Grafton Road has enough width for four lanes the whole way from Park Road to Wellesley. Incidentally, this is also the part where buses will be running.

        2. Older people drive less, not more. They also walk more. Catering to our ageing population means more PT and active mode infrastructure. Have a read of NZTA’s 2015 report no 575 about our ageing population and their needs.

          I’m with you about buses. I like the idea of hubs on the fringe of the cbd with LR within the CBD to reach it. But drop the “businesses need cars in the cbd” thing – honestly, that mindset has already gone, and catering to a few dinosaurs of mindset on that will wreck the whole place. What we need is easy, safe pedestrian amenity, more rain shelter, more places to put a few boxes of equipment, more frequency, more direct routes, more priority for PT. And probably more grandma trolleys or an upbeat version.

          Instead of focusing on less able-bodied people you think will be cut out from PT, make their access better, and focus on the many people who can’t drive and currently are disadvantaged.

          1. As above, we have buggered around with buses since the trams were withdrawn in the mid 50’s. They are holding us back and trying to fix a terminally broken form of PT is insane. They do NOT suit the CBD. How many 10 litre diesel motors can the human body take?

            As per my other comments, if we are all willing to accept that the best Auckland can do is buses and then why are surprised when the shitty system doesn’t work? In fact it implodes on its own shortcomings!

            The same failed logic suggest taking it to the next level of banning all other traffic to make it work, which it will not.

            And I promise, as much as I hate having to go to the CBD, I have to for business at times. That is why all the high rises are there!

          2. Waspman what is it about buses that doesn’t work exactly? The issues identified in the post are about the corridor not the vehicle type.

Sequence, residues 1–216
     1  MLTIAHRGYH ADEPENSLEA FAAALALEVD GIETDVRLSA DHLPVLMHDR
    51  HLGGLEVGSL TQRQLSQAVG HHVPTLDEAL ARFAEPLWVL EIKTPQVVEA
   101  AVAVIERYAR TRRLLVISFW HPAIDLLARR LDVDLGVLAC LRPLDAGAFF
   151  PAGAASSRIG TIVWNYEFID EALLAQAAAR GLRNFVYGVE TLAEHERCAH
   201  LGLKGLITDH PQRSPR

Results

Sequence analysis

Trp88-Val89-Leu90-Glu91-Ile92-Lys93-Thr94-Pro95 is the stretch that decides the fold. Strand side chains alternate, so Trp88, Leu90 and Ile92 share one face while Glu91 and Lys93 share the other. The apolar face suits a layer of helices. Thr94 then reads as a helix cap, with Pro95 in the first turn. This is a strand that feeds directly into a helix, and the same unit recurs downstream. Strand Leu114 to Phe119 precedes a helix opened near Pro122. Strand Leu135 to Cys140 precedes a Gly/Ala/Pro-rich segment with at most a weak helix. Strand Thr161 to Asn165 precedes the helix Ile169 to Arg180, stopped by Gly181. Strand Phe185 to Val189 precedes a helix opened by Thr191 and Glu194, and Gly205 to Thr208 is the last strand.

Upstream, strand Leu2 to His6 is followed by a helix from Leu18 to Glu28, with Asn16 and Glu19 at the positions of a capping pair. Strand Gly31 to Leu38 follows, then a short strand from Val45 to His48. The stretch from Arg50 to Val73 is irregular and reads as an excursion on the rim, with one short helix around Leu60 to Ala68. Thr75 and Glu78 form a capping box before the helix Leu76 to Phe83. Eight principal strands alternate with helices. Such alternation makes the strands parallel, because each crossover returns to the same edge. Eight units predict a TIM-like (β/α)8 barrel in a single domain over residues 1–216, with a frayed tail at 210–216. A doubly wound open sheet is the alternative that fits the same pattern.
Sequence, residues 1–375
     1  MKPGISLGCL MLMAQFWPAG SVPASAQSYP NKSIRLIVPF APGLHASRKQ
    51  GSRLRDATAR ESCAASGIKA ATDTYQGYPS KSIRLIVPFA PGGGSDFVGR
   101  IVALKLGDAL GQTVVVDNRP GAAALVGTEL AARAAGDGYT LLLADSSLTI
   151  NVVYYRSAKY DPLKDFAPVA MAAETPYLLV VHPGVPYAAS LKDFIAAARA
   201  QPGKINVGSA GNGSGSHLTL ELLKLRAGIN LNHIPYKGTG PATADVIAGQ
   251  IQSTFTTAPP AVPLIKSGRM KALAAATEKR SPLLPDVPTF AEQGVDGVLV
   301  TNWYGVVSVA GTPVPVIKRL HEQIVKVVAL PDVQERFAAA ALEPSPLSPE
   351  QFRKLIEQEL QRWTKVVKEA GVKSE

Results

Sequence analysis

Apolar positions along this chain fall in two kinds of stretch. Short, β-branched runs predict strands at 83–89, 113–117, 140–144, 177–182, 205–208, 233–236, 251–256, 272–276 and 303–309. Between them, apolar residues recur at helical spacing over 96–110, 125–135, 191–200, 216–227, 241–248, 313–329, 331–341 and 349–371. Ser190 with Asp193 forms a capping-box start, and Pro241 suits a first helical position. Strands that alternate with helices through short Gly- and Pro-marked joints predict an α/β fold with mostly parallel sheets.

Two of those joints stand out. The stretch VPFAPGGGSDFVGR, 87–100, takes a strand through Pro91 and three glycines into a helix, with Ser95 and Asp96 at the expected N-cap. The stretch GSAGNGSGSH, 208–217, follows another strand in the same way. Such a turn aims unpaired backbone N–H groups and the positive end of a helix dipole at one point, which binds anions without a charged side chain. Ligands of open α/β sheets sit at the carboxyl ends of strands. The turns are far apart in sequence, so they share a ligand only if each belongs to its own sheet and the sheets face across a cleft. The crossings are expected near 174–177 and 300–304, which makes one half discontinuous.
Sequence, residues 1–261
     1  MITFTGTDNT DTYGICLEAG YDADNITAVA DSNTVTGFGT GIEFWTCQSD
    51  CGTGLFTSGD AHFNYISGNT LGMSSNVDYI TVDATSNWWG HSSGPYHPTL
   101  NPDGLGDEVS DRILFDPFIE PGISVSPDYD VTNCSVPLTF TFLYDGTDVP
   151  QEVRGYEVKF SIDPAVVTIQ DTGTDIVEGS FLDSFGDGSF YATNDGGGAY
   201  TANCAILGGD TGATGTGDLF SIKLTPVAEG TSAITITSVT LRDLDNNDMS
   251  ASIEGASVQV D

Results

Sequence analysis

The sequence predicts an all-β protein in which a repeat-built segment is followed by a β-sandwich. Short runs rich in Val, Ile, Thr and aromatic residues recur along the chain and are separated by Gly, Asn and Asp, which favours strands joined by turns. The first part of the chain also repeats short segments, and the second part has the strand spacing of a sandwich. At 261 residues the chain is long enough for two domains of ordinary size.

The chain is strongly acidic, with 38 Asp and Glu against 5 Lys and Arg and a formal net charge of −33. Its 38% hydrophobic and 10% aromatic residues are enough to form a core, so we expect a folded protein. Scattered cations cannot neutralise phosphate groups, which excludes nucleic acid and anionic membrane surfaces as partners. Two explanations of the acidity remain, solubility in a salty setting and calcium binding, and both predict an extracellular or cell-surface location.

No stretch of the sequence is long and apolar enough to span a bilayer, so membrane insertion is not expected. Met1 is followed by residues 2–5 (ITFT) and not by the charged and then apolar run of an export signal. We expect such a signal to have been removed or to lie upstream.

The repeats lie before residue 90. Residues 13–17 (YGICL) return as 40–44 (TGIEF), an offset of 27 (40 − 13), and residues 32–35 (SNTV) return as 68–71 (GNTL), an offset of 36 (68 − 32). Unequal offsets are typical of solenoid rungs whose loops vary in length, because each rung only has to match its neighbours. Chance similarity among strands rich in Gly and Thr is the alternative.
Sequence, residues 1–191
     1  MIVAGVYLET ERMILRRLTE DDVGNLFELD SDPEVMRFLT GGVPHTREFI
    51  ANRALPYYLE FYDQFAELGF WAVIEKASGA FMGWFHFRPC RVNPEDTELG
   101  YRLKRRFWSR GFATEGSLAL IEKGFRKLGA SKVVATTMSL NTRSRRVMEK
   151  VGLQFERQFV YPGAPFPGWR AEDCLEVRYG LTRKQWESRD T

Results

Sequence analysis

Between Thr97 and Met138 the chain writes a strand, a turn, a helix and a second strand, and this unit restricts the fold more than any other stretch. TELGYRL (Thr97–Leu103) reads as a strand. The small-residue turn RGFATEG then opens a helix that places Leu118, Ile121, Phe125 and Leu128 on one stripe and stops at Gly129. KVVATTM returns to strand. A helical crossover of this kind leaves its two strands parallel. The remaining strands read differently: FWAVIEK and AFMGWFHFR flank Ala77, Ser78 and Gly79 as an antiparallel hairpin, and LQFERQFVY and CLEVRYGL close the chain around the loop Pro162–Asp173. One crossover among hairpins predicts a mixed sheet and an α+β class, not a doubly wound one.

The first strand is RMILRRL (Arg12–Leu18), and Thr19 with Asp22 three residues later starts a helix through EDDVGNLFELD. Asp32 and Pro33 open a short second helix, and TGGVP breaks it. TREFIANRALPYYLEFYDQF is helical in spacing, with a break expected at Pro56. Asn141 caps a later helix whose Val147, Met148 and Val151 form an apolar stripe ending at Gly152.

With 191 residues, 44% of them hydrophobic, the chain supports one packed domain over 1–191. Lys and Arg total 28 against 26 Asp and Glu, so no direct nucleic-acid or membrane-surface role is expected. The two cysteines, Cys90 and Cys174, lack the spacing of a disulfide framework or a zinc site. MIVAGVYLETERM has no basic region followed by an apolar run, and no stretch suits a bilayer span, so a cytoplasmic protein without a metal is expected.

3. It says “bus” corridor. Also mentioned is the “bus sausage” which says its all about buses. The word bus or buses is mentioned 18 times in this piece, not counting comments.

            And the very last sentence talks about “keep the buses moving”, which is the point of this I think.

          4. Sure. The point I was trying to make is that the identified issues with buses on Wellesley St relate primarily to the corridor quality rather than the vehicle type. A different vehicle type would not fix these issues.

  11. Many comments here on the noise and stench of diesel buses. Standing by the lights at the stop in Symonds st just before Grafton bridge with about a dozen buses idling is almost unbearable. We almost retained our electric buses in 1981 and indeed had already purchased new buses and had started installing the new style of overhead which reduced some of the problems associated with buses vs overhead powered trams. The decision at the time seemed especially odd as we were in a fuel shock which had dramatically increased the cost of diesel. Trials of battery powered buses in Auckland seem to have gone nowhere and it seems unlikely that with the cutthroat contract process the additional cost will be worn by the private operators. The Wellington network recently trashed was a compromise. Much of the overhead was a mix of old and new which still had the inherent trolley bus problems. They had also skimped on the rectifying infrastructure and so the buses did not have the performance they should have. The hybrid solution they now have will see diesel in use most of the time on hilly routes. Perhaps a way to fix this in Auckland would be to subsidize electric buses on the main routes or introduce trolleys again on the longer common shared main routes until lrt can be rolled out. Priority given to services in the CBD. Modern buses can run for some distance off the overhead which ignoring the fact we used to have passing sections in the overhead reduces the problem of breakdowns or buses at stops leading to queues which is always the main argument used against them. Even with hybrid and battery solutions the more likely option moving forward, unless we start now we will have diesels for some time to come.

Leave a Reply